On Wall Street, there is an old adage that goes, “If you want to succeed as an equity fund manager, follow interest rates and bond markets.”

So, how do we know if active stock fund managers are paying attention to bond markets? There is no ideal solution, but the performance of in-family bond funds is the proxy we use here. The skills required to build successful bond funds, we believe, will flow over and help provide above-average returns for in-family active equity funds. For example, if an asset management firm’s active bond managers underperformed during the last five years, we would expect their active equity equivalents to underperform as well.

With this premise in mind, we retrieved the performance of all US dollar-denominated funds over the previous five years, matched each actively managed equities fund to its fund family, and compared its performance to that of the average in-family fixed-income mutual fund.

Our Bottom Bond Fund Performers category denotes funds with the worst performance quartile over the five years under consideration, while our Top Bond Fund Performers category denotes funds with the best performance quartile.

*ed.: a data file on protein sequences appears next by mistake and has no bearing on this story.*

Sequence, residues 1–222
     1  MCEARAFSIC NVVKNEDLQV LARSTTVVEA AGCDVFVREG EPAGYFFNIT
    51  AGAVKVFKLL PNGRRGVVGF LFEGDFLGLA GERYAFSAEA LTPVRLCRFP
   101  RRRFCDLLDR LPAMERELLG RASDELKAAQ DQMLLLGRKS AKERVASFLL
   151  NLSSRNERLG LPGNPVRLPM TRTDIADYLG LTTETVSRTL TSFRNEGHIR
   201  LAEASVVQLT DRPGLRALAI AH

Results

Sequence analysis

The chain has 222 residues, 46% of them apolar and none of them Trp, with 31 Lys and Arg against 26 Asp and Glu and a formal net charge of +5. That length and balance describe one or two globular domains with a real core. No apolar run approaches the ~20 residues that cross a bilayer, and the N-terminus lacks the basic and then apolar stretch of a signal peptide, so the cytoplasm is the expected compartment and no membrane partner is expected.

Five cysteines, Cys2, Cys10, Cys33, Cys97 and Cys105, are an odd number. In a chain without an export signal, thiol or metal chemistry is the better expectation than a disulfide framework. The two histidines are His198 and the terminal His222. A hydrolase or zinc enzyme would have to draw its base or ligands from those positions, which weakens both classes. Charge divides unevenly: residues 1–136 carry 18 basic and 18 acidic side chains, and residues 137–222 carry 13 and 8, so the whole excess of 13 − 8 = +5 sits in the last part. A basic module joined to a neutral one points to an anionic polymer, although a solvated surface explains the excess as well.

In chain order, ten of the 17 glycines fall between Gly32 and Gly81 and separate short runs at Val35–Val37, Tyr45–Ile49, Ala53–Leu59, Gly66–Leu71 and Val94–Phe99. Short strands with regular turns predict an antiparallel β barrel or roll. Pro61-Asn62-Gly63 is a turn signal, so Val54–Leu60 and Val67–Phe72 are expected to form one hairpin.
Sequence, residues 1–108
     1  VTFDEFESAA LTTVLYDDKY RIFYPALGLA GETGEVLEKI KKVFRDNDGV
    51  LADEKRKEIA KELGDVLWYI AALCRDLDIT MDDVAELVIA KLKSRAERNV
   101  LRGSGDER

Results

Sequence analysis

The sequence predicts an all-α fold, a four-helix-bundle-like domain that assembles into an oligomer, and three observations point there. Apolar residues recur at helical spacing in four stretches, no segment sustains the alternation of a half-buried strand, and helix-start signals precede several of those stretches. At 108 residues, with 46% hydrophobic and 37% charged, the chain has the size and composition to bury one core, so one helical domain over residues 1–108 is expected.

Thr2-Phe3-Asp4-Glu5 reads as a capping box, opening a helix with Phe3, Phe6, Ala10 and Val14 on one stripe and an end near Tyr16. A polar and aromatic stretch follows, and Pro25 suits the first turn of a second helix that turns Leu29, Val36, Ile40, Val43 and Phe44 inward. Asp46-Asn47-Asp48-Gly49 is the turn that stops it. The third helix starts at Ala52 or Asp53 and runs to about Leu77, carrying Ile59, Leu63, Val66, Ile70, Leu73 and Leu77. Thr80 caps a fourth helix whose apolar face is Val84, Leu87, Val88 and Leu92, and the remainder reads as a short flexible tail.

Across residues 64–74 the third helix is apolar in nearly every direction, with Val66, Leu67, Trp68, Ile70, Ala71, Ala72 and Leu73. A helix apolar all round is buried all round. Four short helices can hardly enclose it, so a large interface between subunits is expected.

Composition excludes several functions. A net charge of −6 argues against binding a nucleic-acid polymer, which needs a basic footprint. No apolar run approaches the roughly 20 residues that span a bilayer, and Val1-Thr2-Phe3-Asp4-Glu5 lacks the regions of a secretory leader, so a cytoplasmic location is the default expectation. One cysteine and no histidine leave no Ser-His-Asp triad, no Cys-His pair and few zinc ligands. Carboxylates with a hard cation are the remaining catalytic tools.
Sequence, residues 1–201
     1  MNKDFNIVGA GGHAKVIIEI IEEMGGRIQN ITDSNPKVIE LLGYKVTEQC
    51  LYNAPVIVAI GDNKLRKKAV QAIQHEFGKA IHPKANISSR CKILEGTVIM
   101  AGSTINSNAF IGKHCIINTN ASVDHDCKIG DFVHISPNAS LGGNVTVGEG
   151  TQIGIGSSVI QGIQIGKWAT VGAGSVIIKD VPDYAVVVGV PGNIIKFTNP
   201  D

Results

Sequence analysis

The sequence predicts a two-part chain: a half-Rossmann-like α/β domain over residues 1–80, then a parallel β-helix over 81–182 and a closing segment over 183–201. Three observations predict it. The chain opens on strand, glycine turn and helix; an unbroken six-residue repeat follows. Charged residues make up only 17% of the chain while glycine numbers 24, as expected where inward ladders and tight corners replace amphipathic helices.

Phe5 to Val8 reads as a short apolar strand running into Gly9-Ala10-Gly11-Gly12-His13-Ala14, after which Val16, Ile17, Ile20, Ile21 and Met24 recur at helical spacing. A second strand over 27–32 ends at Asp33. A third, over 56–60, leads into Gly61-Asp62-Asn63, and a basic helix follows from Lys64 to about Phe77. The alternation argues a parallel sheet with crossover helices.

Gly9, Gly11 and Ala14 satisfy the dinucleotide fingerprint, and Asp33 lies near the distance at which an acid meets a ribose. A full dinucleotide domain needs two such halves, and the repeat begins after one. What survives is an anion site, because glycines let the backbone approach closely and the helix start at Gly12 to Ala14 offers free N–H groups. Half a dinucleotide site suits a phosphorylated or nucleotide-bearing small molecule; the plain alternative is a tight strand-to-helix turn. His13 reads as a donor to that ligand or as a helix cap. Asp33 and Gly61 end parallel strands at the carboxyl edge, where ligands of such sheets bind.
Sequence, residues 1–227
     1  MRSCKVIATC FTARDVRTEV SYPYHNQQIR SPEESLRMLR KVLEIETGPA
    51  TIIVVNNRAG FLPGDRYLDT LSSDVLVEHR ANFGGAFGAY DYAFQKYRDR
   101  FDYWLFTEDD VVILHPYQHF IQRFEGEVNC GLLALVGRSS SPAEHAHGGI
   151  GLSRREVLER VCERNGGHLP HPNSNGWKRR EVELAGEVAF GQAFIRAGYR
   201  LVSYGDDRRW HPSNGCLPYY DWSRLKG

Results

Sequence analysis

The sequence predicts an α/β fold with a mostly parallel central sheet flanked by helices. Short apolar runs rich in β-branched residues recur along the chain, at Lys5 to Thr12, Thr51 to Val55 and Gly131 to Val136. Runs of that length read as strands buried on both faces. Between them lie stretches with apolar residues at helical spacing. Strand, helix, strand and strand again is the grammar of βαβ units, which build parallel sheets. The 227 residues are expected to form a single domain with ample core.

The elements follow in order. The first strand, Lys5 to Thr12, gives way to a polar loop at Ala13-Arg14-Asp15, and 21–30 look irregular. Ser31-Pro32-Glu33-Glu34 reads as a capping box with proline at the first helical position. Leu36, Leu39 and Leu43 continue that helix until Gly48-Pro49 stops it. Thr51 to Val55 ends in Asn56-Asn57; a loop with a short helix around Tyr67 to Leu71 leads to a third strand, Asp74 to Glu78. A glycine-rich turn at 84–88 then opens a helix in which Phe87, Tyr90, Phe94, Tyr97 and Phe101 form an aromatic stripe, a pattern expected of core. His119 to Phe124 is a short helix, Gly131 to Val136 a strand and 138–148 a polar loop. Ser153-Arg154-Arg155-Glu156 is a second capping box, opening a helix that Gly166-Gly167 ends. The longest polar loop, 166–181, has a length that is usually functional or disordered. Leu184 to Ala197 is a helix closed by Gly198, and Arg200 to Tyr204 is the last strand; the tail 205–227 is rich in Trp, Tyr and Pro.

We put our idea to the test by investing in an actively managed emerging market, value, growth, small-cap, large-cap, and foreign equity funds. Our findings were mostly inconclusive.

For example, the average five-year return of emerging market equity funds in households with top-quartile bond managers was -1.22% per year, whereas those in families with bottom-quartile bond managers returned -1.12% per year. The -0.10 percentage point difference is hardly significant, demonstrating that bond fund performance in this area does not predict equity fund performance.
Top Bond Fund
(Same Fund Family)
Bottom Bond
Fund Performers
(Same Fund Family)
Emerging Market Equity –1.22% –1.12% –0.10%
Value Equity 8.44% 8.56% –0.12%
Growth Equity 9.28% 9.25% 0.03%
Small-Cap Equity 6.38% 6.89% –0.51%
Large-Cap Equity 7.33% 7.19% 0.14%
International Equity 1.02% 0.87% 0.15%

Large-cap and international stocks are the only two sub-asset classes with outcomes that could support our theory. Strong in-family bond fund performance is connected with 0.14 percentage points of equity fund outperformance per year when compared to the bottom quartile.

Overall, our findings show that a fund family’s performance with bond funds does not transcend to the equity side of the ledger. Of course, our in-family proxy may not be the best indicator of which stock fund managers are most concerned with interest rates and bond markets. To be sure, only a really unique collection of data would be able to correctly identify that cohort.

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